When we work in VR, we are able to keep a record of design changes. Old physical mockups get destroyed. Necessarily. The virtual mockups get saved, week after week, helping inform stakeholders at various stages of the project.
When we did wayfinding studies, we did a couple VR design review sessions. In one project, the first design review meeting had 3 people and still resulted in a bunch of changes.
VR to the rescue—“we were able to walk nurses and doctors through the design, get feedback, make changes in Revit and then test those changes after lunch.” What initially began as an emergency fix soon became an unexpected asset to the project.
“It was incredible to not have to wait a week or more for the reconstruction of a cardboard space and to instantly see the impact of design changes. It took way less time out of the doctors’ and nurses’ schedules, and saved over $45,000 in warehouse rental alone.”
– Simon Manning
Best of all, we can keep records of all the design changes so that people new to the design can watch how the design process has evolved. Virtual mockups and documentation help ensure everyone is on the same page for the most constructive feedback.
With augmented reality, we enhance existing spaces or cardboard mockups with virtual 3D models and design options. AR adds dimension and detail to a cardboard mockup experience and allows designers and clinicians to play with equipment arrangement in already built spaces.
AR adds dimension and detail to a cardboard mockup
Using Magic Leap or iPad, we use AR to create a shared design experience. And since this computing is truly spatial, we’re able to extract data about where people are walking and looking—making AR and VR mockups perfect for wayfinding studies.
For already built conditions, iPad AR through the CareConnect app lets nurses and home health care patients communicate and place medical equipment in their homes.
Designers often forget how technically savvy clinicians are—with the advent of telemedicine, doctors are frequently popping onto Skype for check-ins with their patients. VR is just what the doctor ordered for helping designers stay connected with their end users throughout the design process.
With a couple of simple headsets, designers, end users and client reps are meeting one another within the virtual space, as its being designed.
Any stakeholders who can’t make it to 3P lean design meetings get to review them in real time or asynchronously after the meeting. It’s helpful to not have to take a busy surgeon off work for a full day to test the new surgery suite when it’s quickly and easily understood with a brief virtual exploration.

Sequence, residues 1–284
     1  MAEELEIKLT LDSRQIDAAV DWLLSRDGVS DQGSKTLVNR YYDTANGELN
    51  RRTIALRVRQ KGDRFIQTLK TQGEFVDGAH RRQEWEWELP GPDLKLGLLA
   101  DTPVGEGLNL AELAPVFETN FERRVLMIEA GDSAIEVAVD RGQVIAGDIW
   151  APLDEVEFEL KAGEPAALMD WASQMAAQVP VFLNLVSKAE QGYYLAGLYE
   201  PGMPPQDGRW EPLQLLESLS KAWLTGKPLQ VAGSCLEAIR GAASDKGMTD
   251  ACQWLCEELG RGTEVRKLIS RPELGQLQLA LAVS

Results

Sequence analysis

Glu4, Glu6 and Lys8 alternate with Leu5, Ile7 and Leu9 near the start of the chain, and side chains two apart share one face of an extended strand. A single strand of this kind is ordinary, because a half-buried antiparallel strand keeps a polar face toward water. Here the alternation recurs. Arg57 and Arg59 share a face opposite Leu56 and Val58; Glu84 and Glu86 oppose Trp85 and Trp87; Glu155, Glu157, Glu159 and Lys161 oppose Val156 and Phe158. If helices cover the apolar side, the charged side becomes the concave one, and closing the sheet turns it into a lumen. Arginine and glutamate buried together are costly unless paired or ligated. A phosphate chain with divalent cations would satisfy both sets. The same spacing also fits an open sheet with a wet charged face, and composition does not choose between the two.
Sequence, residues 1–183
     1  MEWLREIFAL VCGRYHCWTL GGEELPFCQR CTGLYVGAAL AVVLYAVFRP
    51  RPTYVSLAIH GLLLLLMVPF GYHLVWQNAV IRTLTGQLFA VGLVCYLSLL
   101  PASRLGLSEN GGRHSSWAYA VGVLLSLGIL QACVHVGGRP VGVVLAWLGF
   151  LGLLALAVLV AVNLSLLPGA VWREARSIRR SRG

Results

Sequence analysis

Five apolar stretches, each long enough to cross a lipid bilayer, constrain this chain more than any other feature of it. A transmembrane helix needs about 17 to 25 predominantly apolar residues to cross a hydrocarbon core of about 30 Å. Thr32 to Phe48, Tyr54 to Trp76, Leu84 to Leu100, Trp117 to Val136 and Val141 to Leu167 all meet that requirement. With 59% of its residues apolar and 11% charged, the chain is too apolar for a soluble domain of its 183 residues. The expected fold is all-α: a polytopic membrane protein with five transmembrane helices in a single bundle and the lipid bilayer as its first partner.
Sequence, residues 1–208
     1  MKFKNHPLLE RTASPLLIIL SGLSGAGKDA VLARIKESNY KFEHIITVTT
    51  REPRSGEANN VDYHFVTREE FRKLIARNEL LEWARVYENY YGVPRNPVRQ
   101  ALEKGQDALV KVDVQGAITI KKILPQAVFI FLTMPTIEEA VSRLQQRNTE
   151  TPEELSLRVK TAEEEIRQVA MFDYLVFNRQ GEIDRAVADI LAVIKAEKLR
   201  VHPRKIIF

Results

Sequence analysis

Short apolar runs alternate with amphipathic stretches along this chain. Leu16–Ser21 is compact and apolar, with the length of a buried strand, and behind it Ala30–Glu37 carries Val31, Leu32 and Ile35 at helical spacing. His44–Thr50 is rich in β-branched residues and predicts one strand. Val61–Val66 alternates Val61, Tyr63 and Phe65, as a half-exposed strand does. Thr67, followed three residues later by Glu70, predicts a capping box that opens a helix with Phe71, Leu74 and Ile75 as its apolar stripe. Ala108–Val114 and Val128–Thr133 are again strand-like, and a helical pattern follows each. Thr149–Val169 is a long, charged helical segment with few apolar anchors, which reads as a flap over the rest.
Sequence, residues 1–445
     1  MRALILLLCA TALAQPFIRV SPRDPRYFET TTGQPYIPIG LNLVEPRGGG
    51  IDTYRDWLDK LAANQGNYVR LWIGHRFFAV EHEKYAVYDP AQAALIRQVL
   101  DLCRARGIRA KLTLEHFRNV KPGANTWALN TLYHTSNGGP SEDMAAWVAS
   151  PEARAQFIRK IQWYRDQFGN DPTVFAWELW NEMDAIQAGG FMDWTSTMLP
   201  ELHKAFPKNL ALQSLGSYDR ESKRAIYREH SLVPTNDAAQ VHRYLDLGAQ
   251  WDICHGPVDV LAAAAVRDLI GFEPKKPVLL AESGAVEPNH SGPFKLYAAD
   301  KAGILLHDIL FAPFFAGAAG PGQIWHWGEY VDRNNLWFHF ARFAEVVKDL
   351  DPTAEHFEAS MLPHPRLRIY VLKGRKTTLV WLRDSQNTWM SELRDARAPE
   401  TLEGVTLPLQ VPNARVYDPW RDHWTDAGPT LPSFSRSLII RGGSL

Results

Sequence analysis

Care Connect AR medical design paired with telepresence with healthcare professionals
When Bevel thinks of XR, we don’t just think of Augmented and Virtual Reality, we also think of all the spatial computing that happens in the interactivity engines. Interactivity engines or “game engines” like Unity and Unreal allow us to create virtual environments and robust simulations.
For healthcare design clients especially, we’re simulating Lean data in 3D environments to provide visual proof of design interventions.
With your 3D model in an interactivity engine, we study the impacts of various design iterations on clinician and patient flow. We can interact with equipment and instruments. We can even test new procedures. Early simulations shape the efficiency of the design and happiness of its users.
6. Stakeholder Communication
We’re seeing a huge impact on client communication with mobile augmented reality. Augmented reality overlays digital models with the real world in a spatially aware way. With AR, tablets and phones transform into magic windows—transforming a real-world site into a completed building in its actual context. Mobile Augmented reality also allows us to make floorplans into mini interactive models.
Simply put, we haven’t found a simpler, more accessible tool for stakeholder communication than handheld AR.
We worked with a firm whose clients was extremely confused about the scale and scope of the work. They came to place it in 3D on the site. Where he could wander around a bare patch of dirt and see his future building. It became a trusted tool for their client interactions going forward. After weeks of fruitless meetings trying flags, paint on the ground, etc. A 5 minute iPad experience was ultimately all he needed.
* Seeking great pilot partners
Email us if…
- Your team loves feedback and craves better ways to communicate design
- You use Lean design principles or consultants and want a way to visualize this data and test it across design iterations
- Your team wants to immerse their clients in the design from the beginning
Above and beyond but not required:
- Your team are Revit power users and you want to leverage your robust 3D models like never before
SEEKING HEALTHCARE DESIGNERS!
No this isn’t a casting call, but we are seriously looking for those interested in capturing feedback for their medical designs, mockups and exploring other cost-saving spatial solutions. We are partnering up with a handful of healthcare clients for 2019 and we want to see what you’ve got and prep you to get on board!
We’re beginning a series on Augmented and Virtual Reality (XR) in Healthcare Design and wanted to kick it off with the basics:
How and why should one actually start using XR on a project?
We’ll cover the following topics… if by the time you are finished we’ve piqued your interest, well, we might just have an offer you can’t refuse.
- Internal Design Review in Virtual Reality (VR) Early and Often
- Invest in Portable Equipment
- Use Handy Handheld Augmented Reality (AR)
- Budget for XR
- Reserve Bevel for 3P Lean Design Events